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Lady Agnew of Lochnaw
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Arty Fact

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This captivating portrait of the Lady Agnew of Lochnaw is John Singer Sargent’s redemption song.

After the shocking debut of Madame X earned Sargent a spot on the blacklist, he left the snooty Parisians for the land of tight-lipped Londoners. He crossed the pond and set up shop in his pal Whistler’s old studio and waited for the commissions to roll in. Unfortunately, his reputation preceded him and patrons were hesitant to hire the artist who flaunted scandalous collar bones at the Salon. To pass this otherwise unproductive time, he traveled to France and casually chilled with Monet. No big deal. There’s a big Impressionist mood going on here, in the way the light plays on the white of Lady Agnew’s dress.

It only took Sargent eight years to bounce back from the Madame X mishap. He eventually won over the hearts of London with this light and airy picture featuring pretty patterns, sumptuous textures, and a precocious grin. Andrew Noel Agnew – a lawyer, member of Parliament, and baronet of Lochnaw – commissioned this portrait of his newlywed, Gertrude Vernon, in 1892. Sargent exhibited the painting at the Royal Academy in 1893, prompting his successful career as a society painter. The commission actually benefited the Agnews as well, cementing Lady Agnew’s status as a beautiful, and therefore important, socialite.

Sargent made a killing on these society portraits, especially during the overly-regimented and wealth-conscious Edwardian period. Complex sets of rules governed every type of interaction and preserved the comforts of those who benefited from this stratification.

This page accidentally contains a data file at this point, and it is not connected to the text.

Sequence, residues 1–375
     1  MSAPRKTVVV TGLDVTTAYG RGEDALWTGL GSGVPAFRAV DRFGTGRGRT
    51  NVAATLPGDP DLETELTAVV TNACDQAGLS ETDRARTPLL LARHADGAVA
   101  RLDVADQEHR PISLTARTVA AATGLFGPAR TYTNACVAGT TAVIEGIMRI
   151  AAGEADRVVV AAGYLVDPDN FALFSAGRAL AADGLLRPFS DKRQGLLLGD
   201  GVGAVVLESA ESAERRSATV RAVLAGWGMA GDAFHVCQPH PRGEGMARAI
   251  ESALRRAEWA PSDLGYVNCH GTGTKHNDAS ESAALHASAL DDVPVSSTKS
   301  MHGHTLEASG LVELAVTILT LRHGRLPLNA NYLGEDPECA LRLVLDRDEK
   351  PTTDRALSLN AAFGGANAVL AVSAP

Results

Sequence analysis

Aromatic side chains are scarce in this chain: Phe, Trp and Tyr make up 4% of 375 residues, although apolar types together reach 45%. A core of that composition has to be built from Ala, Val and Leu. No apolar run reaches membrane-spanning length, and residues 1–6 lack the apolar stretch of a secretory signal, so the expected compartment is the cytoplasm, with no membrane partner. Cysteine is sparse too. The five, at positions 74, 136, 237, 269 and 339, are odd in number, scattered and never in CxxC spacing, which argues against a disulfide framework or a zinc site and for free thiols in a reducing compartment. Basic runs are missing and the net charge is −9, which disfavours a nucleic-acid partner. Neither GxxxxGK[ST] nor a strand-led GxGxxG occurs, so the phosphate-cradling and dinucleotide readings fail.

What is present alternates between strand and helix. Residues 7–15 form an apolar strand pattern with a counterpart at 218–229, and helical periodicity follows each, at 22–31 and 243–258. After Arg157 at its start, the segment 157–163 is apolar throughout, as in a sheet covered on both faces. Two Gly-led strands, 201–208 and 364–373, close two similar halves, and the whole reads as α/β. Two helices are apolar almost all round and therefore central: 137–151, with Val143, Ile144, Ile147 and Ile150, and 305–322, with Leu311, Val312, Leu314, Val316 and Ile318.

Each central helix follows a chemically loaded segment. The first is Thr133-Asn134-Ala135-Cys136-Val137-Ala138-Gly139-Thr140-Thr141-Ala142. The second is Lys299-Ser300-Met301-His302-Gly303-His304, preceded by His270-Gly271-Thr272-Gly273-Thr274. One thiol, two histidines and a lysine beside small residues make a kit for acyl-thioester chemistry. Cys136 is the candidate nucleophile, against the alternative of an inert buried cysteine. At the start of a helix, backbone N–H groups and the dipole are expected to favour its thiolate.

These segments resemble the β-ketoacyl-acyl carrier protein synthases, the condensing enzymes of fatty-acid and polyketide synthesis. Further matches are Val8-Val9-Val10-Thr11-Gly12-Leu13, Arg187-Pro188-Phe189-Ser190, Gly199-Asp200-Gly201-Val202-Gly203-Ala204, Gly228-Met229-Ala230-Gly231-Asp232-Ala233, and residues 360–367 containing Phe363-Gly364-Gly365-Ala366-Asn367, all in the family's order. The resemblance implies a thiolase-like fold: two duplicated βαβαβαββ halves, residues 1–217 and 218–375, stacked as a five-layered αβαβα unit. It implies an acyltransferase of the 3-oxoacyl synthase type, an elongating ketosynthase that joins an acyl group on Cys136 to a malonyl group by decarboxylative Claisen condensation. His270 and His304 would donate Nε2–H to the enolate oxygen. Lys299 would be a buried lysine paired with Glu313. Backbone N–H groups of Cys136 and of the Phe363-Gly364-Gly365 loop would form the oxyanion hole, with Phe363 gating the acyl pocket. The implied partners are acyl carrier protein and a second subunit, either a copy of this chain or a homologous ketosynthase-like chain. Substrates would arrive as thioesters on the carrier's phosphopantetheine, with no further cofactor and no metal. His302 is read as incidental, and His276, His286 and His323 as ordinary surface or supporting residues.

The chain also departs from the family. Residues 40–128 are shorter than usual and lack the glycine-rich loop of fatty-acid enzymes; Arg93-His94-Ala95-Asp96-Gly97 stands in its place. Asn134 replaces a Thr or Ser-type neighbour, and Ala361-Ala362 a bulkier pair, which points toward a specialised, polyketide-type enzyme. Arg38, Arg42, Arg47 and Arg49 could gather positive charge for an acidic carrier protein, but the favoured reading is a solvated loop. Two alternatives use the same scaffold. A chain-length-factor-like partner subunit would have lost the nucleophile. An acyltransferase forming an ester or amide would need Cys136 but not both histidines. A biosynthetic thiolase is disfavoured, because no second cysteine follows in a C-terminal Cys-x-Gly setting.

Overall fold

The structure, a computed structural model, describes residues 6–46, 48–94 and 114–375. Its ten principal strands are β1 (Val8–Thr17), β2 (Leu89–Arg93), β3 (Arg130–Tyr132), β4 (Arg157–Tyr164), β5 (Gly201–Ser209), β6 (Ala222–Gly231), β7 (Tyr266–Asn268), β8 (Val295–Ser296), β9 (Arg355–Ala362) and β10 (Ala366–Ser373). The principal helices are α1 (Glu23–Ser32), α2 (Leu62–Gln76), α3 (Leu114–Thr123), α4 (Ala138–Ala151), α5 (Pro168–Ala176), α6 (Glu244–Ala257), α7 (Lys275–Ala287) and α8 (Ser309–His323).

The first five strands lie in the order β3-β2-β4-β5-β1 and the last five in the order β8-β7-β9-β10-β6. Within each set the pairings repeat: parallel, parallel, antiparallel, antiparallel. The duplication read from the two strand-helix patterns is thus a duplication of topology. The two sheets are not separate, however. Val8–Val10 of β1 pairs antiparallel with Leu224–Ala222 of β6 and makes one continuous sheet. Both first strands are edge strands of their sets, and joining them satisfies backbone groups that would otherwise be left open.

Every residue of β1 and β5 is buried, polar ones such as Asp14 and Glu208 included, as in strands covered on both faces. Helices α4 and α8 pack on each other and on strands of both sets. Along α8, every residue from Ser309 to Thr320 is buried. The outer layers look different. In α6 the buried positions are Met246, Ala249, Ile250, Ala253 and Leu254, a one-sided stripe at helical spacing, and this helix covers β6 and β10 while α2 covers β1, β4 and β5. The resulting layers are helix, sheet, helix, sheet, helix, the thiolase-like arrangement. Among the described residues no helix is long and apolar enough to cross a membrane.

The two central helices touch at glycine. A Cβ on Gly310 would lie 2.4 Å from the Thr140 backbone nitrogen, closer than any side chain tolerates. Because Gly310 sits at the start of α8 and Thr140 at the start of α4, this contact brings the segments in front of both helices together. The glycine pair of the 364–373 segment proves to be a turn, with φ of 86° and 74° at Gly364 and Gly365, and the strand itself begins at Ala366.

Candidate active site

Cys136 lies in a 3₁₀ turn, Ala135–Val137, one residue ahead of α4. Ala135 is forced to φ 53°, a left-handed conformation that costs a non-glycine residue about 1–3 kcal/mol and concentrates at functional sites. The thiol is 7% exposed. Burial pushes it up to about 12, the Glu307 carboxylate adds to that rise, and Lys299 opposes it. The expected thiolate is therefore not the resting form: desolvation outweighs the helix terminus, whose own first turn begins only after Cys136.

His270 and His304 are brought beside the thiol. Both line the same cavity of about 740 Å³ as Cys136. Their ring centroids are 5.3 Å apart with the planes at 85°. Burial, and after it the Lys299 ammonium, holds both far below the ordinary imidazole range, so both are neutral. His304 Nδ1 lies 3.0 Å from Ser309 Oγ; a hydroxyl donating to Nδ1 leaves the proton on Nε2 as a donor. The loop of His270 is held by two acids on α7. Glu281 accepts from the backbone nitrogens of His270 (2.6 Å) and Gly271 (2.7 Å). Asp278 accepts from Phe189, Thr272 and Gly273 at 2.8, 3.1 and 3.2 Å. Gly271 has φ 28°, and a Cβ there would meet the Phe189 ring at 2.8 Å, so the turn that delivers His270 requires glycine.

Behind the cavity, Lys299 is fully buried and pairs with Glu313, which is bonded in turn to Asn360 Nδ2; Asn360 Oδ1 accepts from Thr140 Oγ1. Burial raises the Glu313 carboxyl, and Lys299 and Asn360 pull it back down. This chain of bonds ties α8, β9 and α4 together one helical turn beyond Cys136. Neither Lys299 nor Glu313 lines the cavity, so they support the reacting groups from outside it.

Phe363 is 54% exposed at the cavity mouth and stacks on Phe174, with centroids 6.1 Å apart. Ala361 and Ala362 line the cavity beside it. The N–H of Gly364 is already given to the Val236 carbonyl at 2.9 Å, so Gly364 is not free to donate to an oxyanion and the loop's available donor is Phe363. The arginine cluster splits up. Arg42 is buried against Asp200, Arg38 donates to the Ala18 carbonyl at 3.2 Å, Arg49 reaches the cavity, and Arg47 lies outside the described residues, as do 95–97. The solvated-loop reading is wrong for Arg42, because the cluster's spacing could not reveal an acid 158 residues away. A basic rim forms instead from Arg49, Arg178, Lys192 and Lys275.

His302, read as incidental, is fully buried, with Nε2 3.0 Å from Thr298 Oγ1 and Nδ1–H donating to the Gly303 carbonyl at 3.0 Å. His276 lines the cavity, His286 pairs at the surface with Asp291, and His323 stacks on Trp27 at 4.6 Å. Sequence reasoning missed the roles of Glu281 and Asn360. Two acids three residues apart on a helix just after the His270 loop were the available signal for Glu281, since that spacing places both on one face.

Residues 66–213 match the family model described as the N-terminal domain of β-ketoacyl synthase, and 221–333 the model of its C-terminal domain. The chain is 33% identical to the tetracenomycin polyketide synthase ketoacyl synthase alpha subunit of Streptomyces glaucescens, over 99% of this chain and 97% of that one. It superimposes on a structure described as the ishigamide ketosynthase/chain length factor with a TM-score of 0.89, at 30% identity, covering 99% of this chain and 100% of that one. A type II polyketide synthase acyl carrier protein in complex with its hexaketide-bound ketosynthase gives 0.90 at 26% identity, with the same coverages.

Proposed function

But, as Lady Agnew was soon to find out, social status was easy-come, easy-go, and not even a portrait done by the van Dyck of the fin de siècle could secure the Agnews’ social status forever. The couple struggled to keep up with the high cost of society life, and the Agnews eventually floundered. To offset the costs they incurred from one too many tea parties, Lady Agnew tried to sell this painting to Helen Clay Frick, daughter of the Frick Collection founder. After the Frick rejected the offer, the Scottish National Gallery also rejected the painting in 1924 on the grounds that the museum did not collect works by living artists. Luckily, Sargent died a year later and the museum said uhhh, we’ll take it.

Sources

Sources

  1. Driehaus Museum. “The Manners of the Edwardian Era.” Blog. http://driehausmuseum.org/blog/view/the-manners-of-the-edwardian-era. Accessed August 29, 2019.
  2. Fine Arts Museums of San Francisco. “The Scottish Visitors: Lady Agnew of Lochnaw.” Blog. https://www.famsf.org/blog/scottish-visitors-lady-agnew-lochnaw. Accessed August 29, 2019.
  3. National Galleries Scotland. “Lady Agnew of Lochnaw.” Art and artists. https://www.nationalgalleries.org/art-and-artists/5396/lady-agnew-lochna.... Accessed August 29, 2019.
  4. Weinberg, H. Barbara. “John Singer Sargent (1856–1925).” In The Heilbrunn Timeline of Art History. The Metropolitan Museum of Art. October 2004. https://www.metmuseum.org/toah/hd/sarg/hd_sarg.htm. Accessed August 29, 2019.

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Here is what Wikipedia says about Lady Agnew of Lochnaw

Lady Agnew of Lochnaw is an oil on canvas portrait painting of Gertrude Agnew, the wife of Sir Andrew Agnew, 9th Baronet. The painting was commissioned in 1892 and completed the same year by the American portrait artist John Singer Sargent. It measures 127 × 101 cm (50.0 × 39.8 in) and is owned by the Scottish National Gallery in Edinburgh, Scotland. The museum acquired it through the Cowan Smith Bequest Fund in 1925.

Check out the full Wikipedia article about Lady Agnew of Lochnaw.